A long-awaited Police Ombudsman’s report into the killings of 19 people by the UDA in North Antrim includes an RUC investigation into some of Trouble’s most infamous killings.
The investigation by the police watchdog was launched in 2014, observing how the RUC investigated the actions of a notorious UDA gang operating in the area between 1988 and 1993.
This included the so-called ‘trick or treat’ murder at Greysteel which claimed the lives of seven people, with another person dying at a later date.
UDA gunmen entered the Rising Sun bar in Ko Derry village and opened indiscriminate fire on 30 October 1993.
One of the gunmen shouted “trick or treat” before the killing began. Karen Thompson, the youngest victim at 19, was heard saying “it’s not weird”.
He died along with John Burns (54), Moira Duddy (59), Joseph McDermott (60), James Moore (81), John Moyne (50) and Steven Mullan (20). Victor Montgomery (76) died in April of the following year from injuries.
Four people received life sentences for the murders – Jeffrey Denny, Stephen Irwin, Torrence Knight and Brian McNeill. All were released under the terms of the Good Friday Agreement.
Knight made fun of the families of the victims as they were being taken to prison. He found God while in prison and vowed to dedicate his life to the church.
Irvine was returned to prison and his license was revoked in 2005 for hitting a football fan in the Irish Cup final. He was released by the parole commissioners for the second time in 2013.
The first case of murders investigated by the Ombudsman was that of Gerard Casey in April 1989.
The 29-year-old married father-son was involved in business and lived with his family in Ballymani. He was shot to death while lying on the bed. Allegations of RUC collusion arose almost immediately.
Mr. Casey was arrested and detained at the Castlereagh Holding Center on several occasions since 1985. The last occasion he was detained was in October 1988, and he alleged that RUC officers had threatened him and specifically stated that they would see that he had been shot. , On that occasion Mr. Casey’s house was searched, a legally confiscated firearm was removed and never returned, and the police took a sketch map of the interior of his house during the search.
The gun used to kill Mr Casey was one of the weapons used in the Greysteel attack.
In March 1993, the same UDA gang shot and killed four workers while they were working on a housing estate in Castlerock; Another person was seriously injured.
One of those killed in the attack was IRA man James Kelly (25). The men were regularly stopped and harassed by the Army and the RUC prior to the attack.
Following the killings it emerged that Mr. Kelly’s name and photograph were included in confidential intelligence documents given to loyalists. His family also claims that members of the RUC told him that he would be killed by loyalists unless he became an informer.
Along with Mr Kelly, Robert Gerard Dalrymple (58), James McKenna (52), and Noel O’Kane (21) also lost their lives in the attack. A fifth man, Gerard McEldney, was seriously injured.
Again, the weapons used were the same as those used in the attack on the Rising Sun bar in Gresteel seven months later.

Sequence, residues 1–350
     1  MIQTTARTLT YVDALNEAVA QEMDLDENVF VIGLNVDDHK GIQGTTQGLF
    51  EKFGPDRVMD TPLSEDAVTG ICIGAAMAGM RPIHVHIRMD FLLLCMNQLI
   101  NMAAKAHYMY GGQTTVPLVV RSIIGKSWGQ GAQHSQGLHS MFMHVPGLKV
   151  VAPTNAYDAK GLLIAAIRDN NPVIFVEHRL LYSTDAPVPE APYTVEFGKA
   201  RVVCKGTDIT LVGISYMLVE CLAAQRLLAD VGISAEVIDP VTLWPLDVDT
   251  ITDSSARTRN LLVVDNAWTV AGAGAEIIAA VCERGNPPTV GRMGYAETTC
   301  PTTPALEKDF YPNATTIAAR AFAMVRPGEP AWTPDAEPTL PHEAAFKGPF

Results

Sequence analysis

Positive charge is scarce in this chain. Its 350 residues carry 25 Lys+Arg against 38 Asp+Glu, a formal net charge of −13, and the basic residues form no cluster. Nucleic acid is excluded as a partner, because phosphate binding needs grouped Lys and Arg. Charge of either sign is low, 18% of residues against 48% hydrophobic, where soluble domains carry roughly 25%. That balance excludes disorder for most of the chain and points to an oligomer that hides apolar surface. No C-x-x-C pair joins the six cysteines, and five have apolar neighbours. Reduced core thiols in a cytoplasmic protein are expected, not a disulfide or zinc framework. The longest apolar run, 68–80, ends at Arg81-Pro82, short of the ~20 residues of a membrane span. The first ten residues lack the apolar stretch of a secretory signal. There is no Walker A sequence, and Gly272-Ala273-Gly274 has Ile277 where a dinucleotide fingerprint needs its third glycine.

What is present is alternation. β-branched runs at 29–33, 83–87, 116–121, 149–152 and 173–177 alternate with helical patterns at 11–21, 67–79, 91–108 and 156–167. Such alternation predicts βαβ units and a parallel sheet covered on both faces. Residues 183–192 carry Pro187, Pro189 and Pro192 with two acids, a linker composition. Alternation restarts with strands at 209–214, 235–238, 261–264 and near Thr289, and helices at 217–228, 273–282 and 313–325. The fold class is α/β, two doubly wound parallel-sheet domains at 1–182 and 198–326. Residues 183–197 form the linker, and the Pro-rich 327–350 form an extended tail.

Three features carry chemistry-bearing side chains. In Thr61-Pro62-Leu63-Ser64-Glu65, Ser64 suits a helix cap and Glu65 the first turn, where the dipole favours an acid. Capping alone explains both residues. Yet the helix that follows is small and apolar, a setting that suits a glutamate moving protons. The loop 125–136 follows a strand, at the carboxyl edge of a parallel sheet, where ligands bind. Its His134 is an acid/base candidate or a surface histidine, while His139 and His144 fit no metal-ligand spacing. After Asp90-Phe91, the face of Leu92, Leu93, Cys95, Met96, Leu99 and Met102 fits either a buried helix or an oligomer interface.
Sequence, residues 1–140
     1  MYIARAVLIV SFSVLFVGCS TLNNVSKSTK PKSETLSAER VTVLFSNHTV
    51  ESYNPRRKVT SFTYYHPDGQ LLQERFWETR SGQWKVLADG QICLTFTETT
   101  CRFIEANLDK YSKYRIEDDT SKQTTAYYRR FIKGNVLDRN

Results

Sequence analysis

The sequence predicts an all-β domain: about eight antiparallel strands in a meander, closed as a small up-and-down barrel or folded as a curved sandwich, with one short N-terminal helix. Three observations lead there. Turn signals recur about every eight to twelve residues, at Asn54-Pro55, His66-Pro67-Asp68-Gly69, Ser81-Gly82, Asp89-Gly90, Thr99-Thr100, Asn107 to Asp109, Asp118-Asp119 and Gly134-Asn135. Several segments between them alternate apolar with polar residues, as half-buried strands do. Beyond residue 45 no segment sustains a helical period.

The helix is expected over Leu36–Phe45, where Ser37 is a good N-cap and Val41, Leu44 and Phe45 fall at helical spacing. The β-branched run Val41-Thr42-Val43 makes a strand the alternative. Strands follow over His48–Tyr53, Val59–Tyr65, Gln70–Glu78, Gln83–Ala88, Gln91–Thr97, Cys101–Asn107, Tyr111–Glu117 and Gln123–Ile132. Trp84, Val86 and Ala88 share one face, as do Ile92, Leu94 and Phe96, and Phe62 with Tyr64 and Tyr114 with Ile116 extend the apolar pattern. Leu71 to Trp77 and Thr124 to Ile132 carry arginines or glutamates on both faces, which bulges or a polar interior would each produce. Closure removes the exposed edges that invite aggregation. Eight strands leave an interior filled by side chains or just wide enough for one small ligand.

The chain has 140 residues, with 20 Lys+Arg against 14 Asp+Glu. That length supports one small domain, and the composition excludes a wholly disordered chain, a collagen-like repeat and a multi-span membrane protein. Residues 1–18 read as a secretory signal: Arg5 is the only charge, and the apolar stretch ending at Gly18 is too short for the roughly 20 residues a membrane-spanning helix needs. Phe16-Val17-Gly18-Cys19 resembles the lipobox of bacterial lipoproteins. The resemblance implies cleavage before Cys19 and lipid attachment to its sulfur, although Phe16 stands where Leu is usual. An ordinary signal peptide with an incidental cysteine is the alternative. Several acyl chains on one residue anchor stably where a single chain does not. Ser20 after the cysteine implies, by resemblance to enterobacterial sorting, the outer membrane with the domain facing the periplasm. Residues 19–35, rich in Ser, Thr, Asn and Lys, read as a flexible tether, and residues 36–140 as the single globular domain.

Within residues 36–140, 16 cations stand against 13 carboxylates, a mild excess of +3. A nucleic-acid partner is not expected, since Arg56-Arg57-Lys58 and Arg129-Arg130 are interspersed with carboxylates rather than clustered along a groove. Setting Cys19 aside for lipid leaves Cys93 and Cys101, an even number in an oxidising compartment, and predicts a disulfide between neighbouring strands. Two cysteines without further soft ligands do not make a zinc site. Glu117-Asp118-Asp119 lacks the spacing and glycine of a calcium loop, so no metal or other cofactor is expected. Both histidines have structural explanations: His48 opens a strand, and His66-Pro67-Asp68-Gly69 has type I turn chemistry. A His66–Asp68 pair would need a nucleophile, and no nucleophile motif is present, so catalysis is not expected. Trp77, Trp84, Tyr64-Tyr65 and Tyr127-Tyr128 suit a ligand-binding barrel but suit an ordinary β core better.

All except one of the 19 murders took place in the North West.
Sinn Féin councilor Eddie Fullerton was shot and killed in May 1991 in Ko Donegal.
Operation Greenwich also saw the assassination of Patrick Shanaghan in Castelderg, Co Tyrone in August 1991. The 30-year-old was an active member of Sinn Féin when he was killed. Last year he was informed by the RUC that security force documents containing his knowledge could fall into the hands of loyal paramilitaries, and that he should take steps to ensure his personal safety.
Fisherman Thomas Donaghy, 38, was also a member of Sinn Fein. He was shot as he arrived to begin work at the Portina Eel Fishery on the banks of the Ban River. A former IRA prisoner is later claimed to have been warned by a member of the RUC that he would be “dead by Christmas”.
The following month Bernard O’Hagan’s father of three was shot and killed as he arrived for work at Magherafelt College for further education. A Sinn Féin counselor, he was originally from Belfast but had moved to Swatrag with his wife and family.
The Ombudsman also investigated the murder of Daniel Cassidy in Killaria in April 1992. A 40-year-old father of two children died after gunshots hit his car. At his funeral, Bishop Edward Daly said that the “continuous and brutal harassment” of Mr Cassidy by some elements of the RUC was a factor in his assassination.
Malachi Carey (36) was shot dead while walking on a road in Ballymani in December 1992 and died the next day. He stood for Sinn Féin in the 1989 local council elections.
The Ombudsman was also asked to investigate the attempted murder of James McCorristan in Coleraine in February 1992 and the August 1992 murder of Patrick McErlane at Dunloy, Antrim.
While the investigation was carried out by former Ombudsman Dr Michael Maguire, publication was delayed. Current Ombudsman Mary Anderson’s office on Thursday provided details of the findings to the victims’ families, with publication to be held online Friday.